• Check Foundation Vents: A house with a crawl space has vents along the foundation walls. The vents provide air circulation that helps dissipate excess moisture and prevent mold growth. The vents have screens that keep critters from taking up residence under your residence. The screens usually are recessed and become blocked with leaves, twigs, and debris.
  • Trim Overgrowth: Spring is a good time to trim branches of shrubs and trees away from your house. Keep branches 5 to 7 feet away from your house so they can’t conduct moisture onto your roofing and siding. You’ll also help discourage squirrels and raccoons from exploring ways to nest in your attic.

If you’ve found any HVAC, plumbing or electrical issues that you can’t fix yourself, just give us a call at 804-358-9333. Also, don’t forget to call us to have one of our experienced HVAC technicians come out to Inspect and Tune-up your Air Conditioning System before the hot weather hits. Visit for more information.


Why Is My Sump Pump Not Working?

Why Is My Sump Pump Not Working?

You’re probably asking this question because you’ve experienced some water in your basement during or after a heavy rain. There are a number of steps you can take to diagnose and fix the problem before the next storm hits.

sump pump

What are the main causes for a sump pump to fail & how do I fix them?

  1. The sump pump is not getting power.

  • Check to make sure the electrical outlet the pump is plugged into is working. Plug something else into the outlet & if it’s not working, then check to see if the circuit breaker has been tripped.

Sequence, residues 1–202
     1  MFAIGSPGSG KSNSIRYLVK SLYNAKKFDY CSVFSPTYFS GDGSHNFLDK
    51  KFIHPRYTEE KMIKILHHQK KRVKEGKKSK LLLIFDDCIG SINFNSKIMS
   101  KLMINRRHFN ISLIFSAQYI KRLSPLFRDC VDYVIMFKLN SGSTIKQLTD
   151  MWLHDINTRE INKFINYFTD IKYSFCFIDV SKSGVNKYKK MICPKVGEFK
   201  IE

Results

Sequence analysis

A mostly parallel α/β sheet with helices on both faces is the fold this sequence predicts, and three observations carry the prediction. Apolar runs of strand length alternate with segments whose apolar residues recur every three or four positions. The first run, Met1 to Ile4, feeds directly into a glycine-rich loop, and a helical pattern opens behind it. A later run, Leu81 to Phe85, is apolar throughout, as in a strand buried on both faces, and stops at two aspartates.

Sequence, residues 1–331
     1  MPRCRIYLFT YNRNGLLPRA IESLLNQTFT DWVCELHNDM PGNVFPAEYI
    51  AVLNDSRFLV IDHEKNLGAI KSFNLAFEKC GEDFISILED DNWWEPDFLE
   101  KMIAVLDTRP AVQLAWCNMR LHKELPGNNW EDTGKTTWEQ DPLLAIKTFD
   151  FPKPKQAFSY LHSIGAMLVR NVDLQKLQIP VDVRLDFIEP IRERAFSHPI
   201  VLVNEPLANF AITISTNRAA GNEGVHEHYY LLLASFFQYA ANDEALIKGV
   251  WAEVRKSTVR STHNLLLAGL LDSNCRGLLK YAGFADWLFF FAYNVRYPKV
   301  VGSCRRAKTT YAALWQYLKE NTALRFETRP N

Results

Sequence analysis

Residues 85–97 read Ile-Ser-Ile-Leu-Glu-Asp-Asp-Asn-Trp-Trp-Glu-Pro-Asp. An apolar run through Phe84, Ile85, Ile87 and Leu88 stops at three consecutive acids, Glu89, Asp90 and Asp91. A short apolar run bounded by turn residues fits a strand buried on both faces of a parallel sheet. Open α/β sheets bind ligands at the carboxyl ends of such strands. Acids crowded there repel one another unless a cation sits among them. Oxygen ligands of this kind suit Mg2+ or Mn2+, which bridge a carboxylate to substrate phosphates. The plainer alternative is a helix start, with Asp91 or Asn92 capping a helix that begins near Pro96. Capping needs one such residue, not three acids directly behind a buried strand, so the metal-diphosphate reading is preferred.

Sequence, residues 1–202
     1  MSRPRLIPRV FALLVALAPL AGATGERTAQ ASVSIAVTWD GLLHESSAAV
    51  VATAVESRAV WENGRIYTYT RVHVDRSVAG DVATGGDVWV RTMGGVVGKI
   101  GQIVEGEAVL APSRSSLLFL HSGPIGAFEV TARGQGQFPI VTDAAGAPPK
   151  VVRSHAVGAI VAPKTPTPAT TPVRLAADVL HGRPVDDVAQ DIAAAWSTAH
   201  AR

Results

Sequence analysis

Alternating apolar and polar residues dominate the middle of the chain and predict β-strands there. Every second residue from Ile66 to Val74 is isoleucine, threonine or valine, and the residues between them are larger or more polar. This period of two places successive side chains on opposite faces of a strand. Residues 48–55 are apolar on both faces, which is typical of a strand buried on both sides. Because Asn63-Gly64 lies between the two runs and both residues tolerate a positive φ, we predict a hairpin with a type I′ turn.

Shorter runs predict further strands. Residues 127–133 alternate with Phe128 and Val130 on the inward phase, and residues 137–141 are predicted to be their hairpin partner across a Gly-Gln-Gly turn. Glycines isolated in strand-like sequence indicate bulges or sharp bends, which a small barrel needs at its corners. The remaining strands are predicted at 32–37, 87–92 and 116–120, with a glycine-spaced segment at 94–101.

• Sump pumps require a lot of electricity, so you want it to be on its own circuit breaker.
  • If you have to use an extension cord, make sure you’re using one that can handle the voltage.
  1. There is a problem with the float switch.

    • Before checking anything inside the pump, be sure to unplug it from the power source.
    • The float switch on your sump pump operates in a similar way to the float switch in your toilet. If it can’t engage properly, the pump will not turn on or off.
    • The pump may have shifted inside the basin, causing the float switch to lodge against its side. Check to make sure it’s in the proper position.
    • Debris may also be a factor in preventing the switch from operating freely, so clear away any that you see.
  2. The screen inside the pump is blocked.

    • Sump pumps have an intake screen at the bottom through which the water flows into the pump. Check to make sure that it hasn’t been plugged by debris and that water can flow freely.
  1. The discharge line has become clogged.

    • Sump pumps typically expel water out of your basement and away from your foundation through a discharge pipe. If water can’t exit your home, the system will not work.
    • The end of the pipe will be outside your house, with the drain pipe on a downslope leading away from the house.
    • Inspect the end of the pipe to make sure there isn’t any debris blocking the water flow. Be sure to shine a flashlight into the pipe to see if something is farther inside. Clear away any debris you find.

I think I fixed the problem but how do I test my sump pump to make sure it’s working?

First, make sure the sump pump is plugged back into the electrical outlet. Then dump enough clean water into the pump to raise the float switch and listen for it to start up. If you can, have someone outside to make sure the water comes out of the drainage pipe.

If you couldn’t find the problem or your sump pump is still not working after you test it, then it could be the pump motor is broken, the sump pump itself is defective, or there is a clog in the drainage line that you can’t access. In that case, just give us a call at (804) 358-9333 and one of experienced plumbers will be right out to make sure your sump pump is working before the next heavy rain comes! Learn more about us at